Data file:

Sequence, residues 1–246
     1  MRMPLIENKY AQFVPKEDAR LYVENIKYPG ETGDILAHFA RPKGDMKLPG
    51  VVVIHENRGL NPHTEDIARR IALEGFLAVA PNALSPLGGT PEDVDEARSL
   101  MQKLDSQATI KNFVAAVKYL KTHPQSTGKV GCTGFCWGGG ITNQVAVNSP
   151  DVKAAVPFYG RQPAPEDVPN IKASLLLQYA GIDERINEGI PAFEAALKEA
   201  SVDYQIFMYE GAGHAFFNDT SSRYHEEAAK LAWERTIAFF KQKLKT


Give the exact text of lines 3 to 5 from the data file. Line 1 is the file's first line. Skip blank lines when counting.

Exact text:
    51  VVVIHENRGL NPHTEDIARR IALEGFLAVA PNALSPLGGT PEDVDEARSL
   101  MQKLDSQATI KNFVAAVKYL KTHPQSTGKV GCTGFCWGGG ITNQVAVNSP
   151  DVKAAVPFYG RQPAPEDVPN IKASLLLQYA GIDERINEGI PAFEAALKEA